Post-It note with "now hiring" written on it

Poor job quality and low wages are the top reasons COVID-displaced workers have shied away from direct care job openings, despite having similar skill sets, according to a new report.

Despite a new labor pool of 13.7 million U.S. workers displaced from their jobs during the first three months of the pandemic in 2020, an “immeasurably small number” of them entered the direct care workforce, researchers found. Many long-term care operators continue to face staff shortages, leading to a curtailment of services in some cases. 

A new study from New York-based PHI and the Health Workforce Research Center on Long-Term Care at the University of California, San Francisco, lays out several recommendations to address widespread recruitment and retention challenges for direct care workers. 

Long-term care employers will need to fill 7.4 million job openings in direct care through 2029, according to the report. This amount includes the creation of 1.3 million new jobs to meet rising demand and another 6.1 million job openings to replace workers who leave the workforce to seek employment in new sectors that offer higher wages or safer working conditions.

To tap into a new labor pool of millions of workers displaced from their jobs by the pandemic, the authors recommend that operators raise wages, target recruitment, provide workforce supports, create smoother transitions into the sector and improve overall job quality.

The study examined workforce displacement and re-entry during the pandemic. Researchers specifically focused on whether and how new workers were recruited into direct care jobs as residential and personal care aides, nursing assistants and home health aides, from occupations with similar skill sets, including food preparation and service, and office and administrative support.

“The fact that few workers who lost jobs during the pandemic moved into open direct care jobs highlights the need to improve direct care jobs so they attract well-skilled and dedicated people to care for people who need their services,” said Joanne Spetz, Ph.D., associate director for research at the Health Workforce Research Center on Long-Term Care at the University of California, San Francisco, and one of the report’s co-authors.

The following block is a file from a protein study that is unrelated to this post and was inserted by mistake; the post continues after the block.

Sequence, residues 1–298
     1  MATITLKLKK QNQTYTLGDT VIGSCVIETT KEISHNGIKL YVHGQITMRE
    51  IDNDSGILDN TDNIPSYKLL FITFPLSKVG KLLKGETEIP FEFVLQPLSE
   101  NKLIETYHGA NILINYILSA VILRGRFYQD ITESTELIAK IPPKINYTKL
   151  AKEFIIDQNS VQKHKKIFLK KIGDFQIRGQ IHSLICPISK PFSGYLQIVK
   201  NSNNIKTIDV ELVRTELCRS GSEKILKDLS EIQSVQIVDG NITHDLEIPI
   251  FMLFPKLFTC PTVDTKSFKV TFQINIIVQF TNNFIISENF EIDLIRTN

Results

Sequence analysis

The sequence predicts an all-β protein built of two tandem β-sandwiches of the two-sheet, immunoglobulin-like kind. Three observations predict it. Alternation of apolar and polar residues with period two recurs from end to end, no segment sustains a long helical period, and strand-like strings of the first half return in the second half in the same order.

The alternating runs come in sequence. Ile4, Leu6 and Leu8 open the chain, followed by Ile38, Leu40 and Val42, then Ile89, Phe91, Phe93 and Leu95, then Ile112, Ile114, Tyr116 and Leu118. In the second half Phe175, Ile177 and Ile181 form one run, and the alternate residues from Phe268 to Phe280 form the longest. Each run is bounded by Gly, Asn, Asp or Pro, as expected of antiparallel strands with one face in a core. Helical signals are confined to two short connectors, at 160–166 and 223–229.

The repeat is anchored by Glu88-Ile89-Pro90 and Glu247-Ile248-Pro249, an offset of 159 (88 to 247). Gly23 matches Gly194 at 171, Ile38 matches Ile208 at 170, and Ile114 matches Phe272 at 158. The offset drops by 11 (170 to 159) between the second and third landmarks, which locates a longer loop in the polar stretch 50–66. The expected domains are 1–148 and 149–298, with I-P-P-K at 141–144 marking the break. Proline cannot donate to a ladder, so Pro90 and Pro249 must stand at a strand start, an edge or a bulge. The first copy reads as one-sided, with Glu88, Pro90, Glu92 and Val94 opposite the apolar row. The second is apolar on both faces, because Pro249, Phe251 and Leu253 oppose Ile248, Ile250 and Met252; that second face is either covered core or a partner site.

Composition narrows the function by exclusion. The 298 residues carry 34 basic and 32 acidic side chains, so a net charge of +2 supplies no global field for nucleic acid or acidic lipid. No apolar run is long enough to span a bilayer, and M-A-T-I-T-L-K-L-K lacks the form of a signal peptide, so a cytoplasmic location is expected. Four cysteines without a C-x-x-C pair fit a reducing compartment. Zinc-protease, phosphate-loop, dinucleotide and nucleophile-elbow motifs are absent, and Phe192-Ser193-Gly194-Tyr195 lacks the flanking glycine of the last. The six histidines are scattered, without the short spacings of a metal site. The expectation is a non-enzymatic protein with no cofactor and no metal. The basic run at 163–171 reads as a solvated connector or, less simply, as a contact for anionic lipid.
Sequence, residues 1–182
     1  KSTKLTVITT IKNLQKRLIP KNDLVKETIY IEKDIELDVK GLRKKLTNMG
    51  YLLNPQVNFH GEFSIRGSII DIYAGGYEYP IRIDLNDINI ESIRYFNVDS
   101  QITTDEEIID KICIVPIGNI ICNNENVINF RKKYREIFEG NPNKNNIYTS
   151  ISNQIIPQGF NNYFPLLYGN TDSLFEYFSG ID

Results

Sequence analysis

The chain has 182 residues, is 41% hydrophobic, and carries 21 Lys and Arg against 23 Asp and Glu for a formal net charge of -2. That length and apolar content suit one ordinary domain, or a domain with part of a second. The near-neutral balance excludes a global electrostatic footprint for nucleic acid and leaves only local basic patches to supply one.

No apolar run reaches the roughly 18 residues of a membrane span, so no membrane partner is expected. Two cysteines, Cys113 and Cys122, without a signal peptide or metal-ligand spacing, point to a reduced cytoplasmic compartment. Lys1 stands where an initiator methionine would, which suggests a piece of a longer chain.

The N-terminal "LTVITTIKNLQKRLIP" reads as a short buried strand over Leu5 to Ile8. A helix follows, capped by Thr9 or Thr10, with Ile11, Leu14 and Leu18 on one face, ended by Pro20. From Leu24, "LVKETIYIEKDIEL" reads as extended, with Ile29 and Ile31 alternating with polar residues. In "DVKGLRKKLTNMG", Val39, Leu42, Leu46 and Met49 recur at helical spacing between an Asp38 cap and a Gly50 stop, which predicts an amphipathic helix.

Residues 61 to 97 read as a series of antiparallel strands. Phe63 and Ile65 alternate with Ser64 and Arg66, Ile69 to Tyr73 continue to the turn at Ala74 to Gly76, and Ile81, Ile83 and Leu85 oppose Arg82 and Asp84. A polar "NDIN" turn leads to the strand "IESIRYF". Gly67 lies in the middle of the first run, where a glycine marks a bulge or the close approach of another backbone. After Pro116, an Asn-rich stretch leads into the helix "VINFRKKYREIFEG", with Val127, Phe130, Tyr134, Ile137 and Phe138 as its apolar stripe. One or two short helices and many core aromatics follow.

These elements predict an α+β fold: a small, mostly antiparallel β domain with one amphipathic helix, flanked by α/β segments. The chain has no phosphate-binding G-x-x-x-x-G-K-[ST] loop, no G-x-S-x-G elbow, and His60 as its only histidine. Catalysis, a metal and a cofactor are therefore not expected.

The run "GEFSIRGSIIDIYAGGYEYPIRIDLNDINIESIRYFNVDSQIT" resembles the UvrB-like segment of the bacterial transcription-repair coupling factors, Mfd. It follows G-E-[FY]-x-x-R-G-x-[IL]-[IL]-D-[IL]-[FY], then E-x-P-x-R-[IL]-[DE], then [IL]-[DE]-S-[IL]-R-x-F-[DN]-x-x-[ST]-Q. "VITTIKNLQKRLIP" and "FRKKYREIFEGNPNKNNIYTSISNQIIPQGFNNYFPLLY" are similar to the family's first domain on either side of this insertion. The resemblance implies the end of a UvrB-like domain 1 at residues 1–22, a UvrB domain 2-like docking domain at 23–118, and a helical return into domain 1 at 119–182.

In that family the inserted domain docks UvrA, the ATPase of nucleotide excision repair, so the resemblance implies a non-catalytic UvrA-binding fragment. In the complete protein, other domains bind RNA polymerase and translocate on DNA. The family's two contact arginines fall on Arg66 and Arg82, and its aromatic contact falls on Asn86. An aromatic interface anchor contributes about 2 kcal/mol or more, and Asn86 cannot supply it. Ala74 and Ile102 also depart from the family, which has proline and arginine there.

Two-thirds (67%) of the 13.7 million displaced workers (9.2 million workers) were in five major occupational groups: food preparation and serving (3.1 million workers), office and administrative support (2 million), sales (1.6 million), transportation and material moving (1.6 million) and production (1 million).

By early 2021, 66% of COVID-displace workers (9.1 million) had re-entered the workforce, leaving 4.6 million still out of work. Workers in two occupational groups similar to direct care had large numbers of workers who did not re-enter the workforce — food service and serving (1.9 million displaced workers) and office and administrative (1.2 million displaced workers). 

A small percentage of direct care workers (4%) were displaced during the second quarter of 2020, and an even smaller number of workers were re-employed into direct care jobs. 

“The overarching lesson from this report is our country’s leaders will need to transform the direct care workforce to ensure that employers can fill these jobs — now and in the decade ahead,” said Kezia Scales, PHI director of policy research and one of the report’s co-authors.

Possible solutions

The authors cited several opportunities to strengthen the direct care workforce:

  • Improve wages and benefits through a combination of changes in Medicaid policy and employer practices.
  • Develop tailored recruitment messages to effectively reach workers displaced from other occupations, including highlighting shared job characteristics, a priority on teamwork and the intrinsic value of caring for others.
  • Develop recruitment strategies and employment supports for specific populations, including race-explicit workforce supports, assistance with affordable childcare and other long-term services and supports. 

“Overall, this research underscores the urgent need to build robust recruitment pipelines into the long-term care field and to make meaningful, lasting improvement in job quality for direct care workers,” the authors concluded. 

The study was supported by a $450,000 award from the Health Resources and Services Administration of the U.S. Department of Health and Human Services.